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[kol-oid] /ˈkɒl ɔɪd/
Physical Chemistry. a substance made up of a system of particles with linear dimensions in the range of about 10 −7 to 5 × 10 −5 cm dispersed in a continuous gaseous, liquid, or solid medium whose properties depend on the large specific surface area. The particles can be large molecules like proteins, or solid, liquid, or gaseous aggregates and they remain dispersed indefinitely.
Medicine/Medical. a colloidal substance in the body, as a stored secretion or a cyst.
Physical Chemistry. colloidal.
Origin of colloid
1840-50; < Greek kóll(a) glue + -oid
Related forms
noncolloid, noun
semicolloid, noun Unabridged
Based on the Random House Dictionary, © Random House, Inc. 2018.
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British Dictionary definitions for colloid


Also called colloidal solution, colloidal suspension. a mixture having particles of one component, with diameters between 10–7 and 10–9 metres, suspended in a continuous phase of another component. The mixture has properties between those of a solution and a fine suspension
the solid suspended phase in such a mixture
(obsolete) a substance that in solution does not penetrate a semipermeable membrane Compare crystalloid (sense 2)
(physiol) a gelatinous substance of the thyroid follicles that holds the hormonal secretions of the thyroid gland
(pathol) of or relating to the gluelike translucent material found in certain degenerating tissues
of, denoting, or having the character of a colloid
Word Origin
C19: from Greek kolla glue + -oid
Collins English Dictionary - Complete & Unabridged 2012 Digital Edition
© William Collins Sons & Co. Ltd. 1979, 1986 © HarperCollins
Publishers 1998, 2000, 2003, 2005, 2006, 2007, 2009, 2012
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Word Origin and History for colloid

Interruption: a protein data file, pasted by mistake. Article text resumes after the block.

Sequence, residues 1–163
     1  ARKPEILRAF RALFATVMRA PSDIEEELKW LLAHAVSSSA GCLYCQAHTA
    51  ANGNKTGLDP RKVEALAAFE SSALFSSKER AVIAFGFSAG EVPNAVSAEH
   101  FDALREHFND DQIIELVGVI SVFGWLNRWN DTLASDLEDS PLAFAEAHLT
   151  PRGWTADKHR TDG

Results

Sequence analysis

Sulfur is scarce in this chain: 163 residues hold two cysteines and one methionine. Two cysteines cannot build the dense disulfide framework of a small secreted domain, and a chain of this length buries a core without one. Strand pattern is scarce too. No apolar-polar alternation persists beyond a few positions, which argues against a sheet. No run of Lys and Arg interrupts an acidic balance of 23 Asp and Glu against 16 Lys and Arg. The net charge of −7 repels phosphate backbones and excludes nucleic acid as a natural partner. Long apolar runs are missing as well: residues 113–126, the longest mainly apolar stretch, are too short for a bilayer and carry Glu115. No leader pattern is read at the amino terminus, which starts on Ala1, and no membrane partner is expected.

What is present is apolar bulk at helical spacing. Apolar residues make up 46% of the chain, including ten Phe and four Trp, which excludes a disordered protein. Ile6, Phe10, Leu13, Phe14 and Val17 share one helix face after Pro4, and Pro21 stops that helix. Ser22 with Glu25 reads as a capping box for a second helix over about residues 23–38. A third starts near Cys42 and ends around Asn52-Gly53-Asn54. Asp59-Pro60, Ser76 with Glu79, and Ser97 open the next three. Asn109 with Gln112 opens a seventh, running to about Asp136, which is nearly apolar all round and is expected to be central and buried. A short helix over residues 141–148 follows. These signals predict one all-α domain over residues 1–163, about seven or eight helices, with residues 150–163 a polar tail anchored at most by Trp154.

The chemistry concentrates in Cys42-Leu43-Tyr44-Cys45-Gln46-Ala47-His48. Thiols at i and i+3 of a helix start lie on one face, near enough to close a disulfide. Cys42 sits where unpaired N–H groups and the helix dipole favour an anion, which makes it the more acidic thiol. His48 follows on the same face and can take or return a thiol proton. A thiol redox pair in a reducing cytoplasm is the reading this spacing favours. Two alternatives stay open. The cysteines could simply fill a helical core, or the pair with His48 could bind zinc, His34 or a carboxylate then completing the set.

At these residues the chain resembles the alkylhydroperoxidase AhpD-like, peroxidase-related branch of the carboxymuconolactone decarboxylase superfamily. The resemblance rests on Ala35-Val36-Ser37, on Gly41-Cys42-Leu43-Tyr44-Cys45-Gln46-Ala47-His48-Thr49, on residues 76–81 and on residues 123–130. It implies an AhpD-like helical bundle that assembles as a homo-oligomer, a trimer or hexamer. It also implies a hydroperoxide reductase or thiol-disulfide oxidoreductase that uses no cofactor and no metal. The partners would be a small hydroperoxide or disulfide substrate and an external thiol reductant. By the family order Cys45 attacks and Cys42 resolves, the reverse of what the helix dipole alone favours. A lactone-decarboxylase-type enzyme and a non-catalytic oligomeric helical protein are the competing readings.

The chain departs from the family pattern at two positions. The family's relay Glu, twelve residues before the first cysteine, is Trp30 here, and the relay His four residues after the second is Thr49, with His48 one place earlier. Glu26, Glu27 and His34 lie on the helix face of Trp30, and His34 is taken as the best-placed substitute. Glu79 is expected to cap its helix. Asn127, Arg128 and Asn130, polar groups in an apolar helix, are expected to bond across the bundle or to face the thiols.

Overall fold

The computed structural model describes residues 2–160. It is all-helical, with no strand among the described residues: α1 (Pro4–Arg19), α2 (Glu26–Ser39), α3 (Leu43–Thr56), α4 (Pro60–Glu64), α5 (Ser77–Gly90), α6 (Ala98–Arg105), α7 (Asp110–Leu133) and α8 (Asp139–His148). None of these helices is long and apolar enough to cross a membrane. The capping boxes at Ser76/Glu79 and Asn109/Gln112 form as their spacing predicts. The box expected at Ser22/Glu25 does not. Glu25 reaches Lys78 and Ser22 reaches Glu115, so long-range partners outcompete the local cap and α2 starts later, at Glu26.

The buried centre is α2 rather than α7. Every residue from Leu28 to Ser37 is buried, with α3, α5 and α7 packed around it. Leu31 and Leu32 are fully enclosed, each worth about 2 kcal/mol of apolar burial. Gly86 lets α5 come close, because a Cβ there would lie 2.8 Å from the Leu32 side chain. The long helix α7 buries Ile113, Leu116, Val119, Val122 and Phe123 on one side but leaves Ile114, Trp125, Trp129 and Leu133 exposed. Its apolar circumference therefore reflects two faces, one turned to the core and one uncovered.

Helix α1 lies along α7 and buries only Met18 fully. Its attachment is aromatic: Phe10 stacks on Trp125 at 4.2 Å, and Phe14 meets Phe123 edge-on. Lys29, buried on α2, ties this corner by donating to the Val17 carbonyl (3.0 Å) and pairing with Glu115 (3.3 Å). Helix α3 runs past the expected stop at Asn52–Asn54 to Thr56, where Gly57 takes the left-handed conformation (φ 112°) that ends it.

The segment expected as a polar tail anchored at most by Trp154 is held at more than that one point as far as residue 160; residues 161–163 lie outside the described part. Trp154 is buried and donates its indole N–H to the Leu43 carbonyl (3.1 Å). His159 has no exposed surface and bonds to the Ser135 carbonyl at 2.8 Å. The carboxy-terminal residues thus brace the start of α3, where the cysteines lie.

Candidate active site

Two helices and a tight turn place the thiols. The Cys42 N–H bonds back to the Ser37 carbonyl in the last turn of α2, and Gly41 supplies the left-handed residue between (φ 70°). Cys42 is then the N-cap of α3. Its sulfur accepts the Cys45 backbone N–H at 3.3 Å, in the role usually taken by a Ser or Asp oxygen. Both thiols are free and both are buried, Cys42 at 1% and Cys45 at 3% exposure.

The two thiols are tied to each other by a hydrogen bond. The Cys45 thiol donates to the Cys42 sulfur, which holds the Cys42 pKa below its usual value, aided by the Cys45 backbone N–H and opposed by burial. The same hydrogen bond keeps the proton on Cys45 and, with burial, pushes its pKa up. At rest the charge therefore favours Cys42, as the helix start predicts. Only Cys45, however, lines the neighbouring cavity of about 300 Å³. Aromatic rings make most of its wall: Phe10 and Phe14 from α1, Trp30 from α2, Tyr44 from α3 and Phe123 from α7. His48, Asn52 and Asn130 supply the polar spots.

1847, from French colloide (1845), from Greek kolla "glue" + -oeides "form" (see -oid).

Online Etymology Dictionary, © 2010 Douglas Harper
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colloid in Medicine

colloid col·loid (kŏl'oid')

  1. A suspension of finely divided particles in a continuous medium from which the particles do not settle out rapidly and are not readily filtered.

  2. The particulate matter so suspended.

  3. The gelatinous stored secretion of the thyroid gland, consisting mainly of thyroglobulin.

  4. Gelatinous material resulting from colloid degeneration in diseased tissue. Also called colloidin.

Of, relating to, containing, or having the nature of a colloid.
col·loi'dal (kə-loid'l, kŏ-) adj.
The American Heritage® Stedman's Medical Dictionary
Copyright © 2002, 2001, 1995 by Houghton Mifflin Company. Published by Houghton Mifflin Company.
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colloid in Science
A mixture in which very small particles of one substance are distributed evenly throughout another substance. The particles are generally larger than those in a solution, and smaller than those in a suspension. Paints, milk, and fog are colloids. Compare solution, suspension.

The American Heritage® Science Dictionary
Copyright © 2002. Published by Houghton Mifflin. All rights reserved.
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colloid in Culture
colloid [(kol-oyd)]

A substance made up of particles that are larger than most molecules; these particles do not actually dissolve in substances but stay suspended in them.

Note: Fog, paints, and foam rubber are colloids.
The New Dictionary of Cultural Literacy, Third Edition
Copyright © 2005 by Houghton Mifflin Company.
Published by Houghton Mifflin Company. All rights reserved.
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